Polycentric governance compensates for incoherence of resource regimes: The case of water uses under climate change in Oberhasli, Switzerland

Kellner, Elke; Oberlack, Christoph; Gerber, Jean-David (2019). Polycentric governance compensates for incoherence of resource regimes: The case of water uses under climate change in Oberhasli, Switzerland. Environmental science & policy, 100, pp. 126-135. Elsevier 10.1016/j.envsci.2019.06.008

[img] Text
1-s2.0-S1462901118310980-main.pdf - Published Version
Restricted to registered users only
Available under License Publisher holds Copyright.

Download (714kB) | Request a copy

Incoherent institutional regimes are among the most critical barriers to adapt water governance under climate change. However, it remains unclear how different governance processes can coordinate competing resource uses despite incoherence of institutional resource regimes. This paper examines how institutional resource regimes and polycentric governance processes are co-evolving and to what extent these processes coordinate competing resource uses in incoherent resource regimes. Empirically, we performed an embedded case study of the institutional resource regime and governance processes of three water reservoir projects with contrasting outcomes in the region of Oberhasli in the canton of Berne, Switzerland, covering a timeframe starting from the early 20th century. Data were collected through 21 semi-structured interviews, document analysis, participatory observation, and transect walks. Analytically, we demonstrate how the combination of the Institutional Resource Regime and polycentric governance frameworks provides an opportunity to analyze co-evolving resource regimes and governance processes. The results show that the institutional resource regime has become increasingly incoherent over the past decades, but the evolution of polycentric processes to govern competing water uses compensated for regime incoherence. Polycentric governance improved the coordination of water uses, if mutual adjustment, trust and activation of overarching rules between actors with similar and opposing interests were present. We conclude that institutional regime incoherence may constitute a critical barrier to climate change adaptation, but polycentric governance processes may alleviate critical challenges arising from regime incoherence.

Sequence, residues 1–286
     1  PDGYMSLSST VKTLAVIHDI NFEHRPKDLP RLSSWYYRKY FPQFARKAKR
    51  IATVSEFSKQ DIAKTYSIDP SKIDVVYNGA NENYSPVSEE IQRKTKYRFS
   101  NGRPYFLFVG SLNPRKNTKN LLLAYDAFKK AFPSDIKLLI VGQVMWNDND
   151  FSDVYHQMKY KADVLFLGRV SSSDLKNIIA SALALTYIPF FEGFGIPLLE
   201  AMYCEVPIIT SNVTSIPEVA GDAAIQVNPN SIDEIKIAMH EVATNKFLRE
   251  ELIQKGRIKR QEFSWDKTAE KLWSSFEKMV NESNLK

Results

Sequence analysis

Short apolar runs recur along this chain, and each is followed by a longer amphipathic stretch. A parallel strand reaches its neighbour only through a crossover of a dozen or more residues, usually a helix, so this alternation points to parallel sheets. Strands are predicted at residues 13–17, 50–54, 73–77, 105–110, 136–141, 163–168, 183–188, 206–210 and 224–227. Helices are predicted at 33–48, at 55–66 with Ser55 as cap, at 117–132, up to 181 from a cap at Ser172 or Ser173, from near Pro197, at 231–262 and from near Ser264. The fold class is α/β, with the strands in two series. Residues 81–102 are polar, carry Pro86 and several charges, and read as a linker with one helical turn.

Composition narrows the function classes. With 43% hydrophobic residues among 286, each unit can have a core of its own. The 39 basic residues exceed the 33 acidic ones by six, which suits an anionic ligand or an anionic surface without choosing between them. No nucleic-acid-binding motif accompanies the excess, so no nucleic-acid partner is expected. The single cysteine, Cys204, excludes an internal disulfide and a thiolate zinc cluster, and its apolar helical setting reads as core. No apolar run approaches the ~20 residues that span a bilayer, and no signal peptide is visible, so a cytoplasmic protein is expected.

Item Type:

Journal Article (Original Article)

Division/Institute:

08 Faculty of Science > Institute of Geography > Physical Geography > Unit Hydrology
08 Faculty of Science > Institute of Geography > Human Geography > Unit Urban & Regional Planing
08 Faculty of Science > Institute of Geography > Human Geography
10 Strategic Research Centers > Oeschger Centre for Climate Change Research (OCCR)
08 Faculty of Science > Institute of Geography
08 Faculty of Science > Institute of Geography > Physical Geography
10 Strategic Research Centers > Centre for Development and Environment (CDE)
11 Centers of Competence > Center for Regional Economic Development (CRED)

UniBE Contributor:

Kellner, Elke; Oberlack, Christoph and Gerber, Jean-David

Subjects:

900 History > 910 Geography & travel
500 Science > 550 Earth sciences & geology

ISSN:

1462-9011

Publisher:

Elsevier

Language:

English

Submitter:

Elke Kellner

Date Deposited:

15 Jul 2019 13:45

Last Modified:

15 Jul 2019 13:45

Publisher DOI:

10.1016/j.envsci.2019.06.008

Uncontrolled Keywords:

Institutional Resource Regime, Local regulatory arrangement, Polycentric governance, Water, Climate change, Coordination

BORIS DOI:

10.7892/boris.131832

URI:

https://boris.unibe.ch/id/eprint/131832

Actions (login required)

Edit item Edit item
Provide Feedback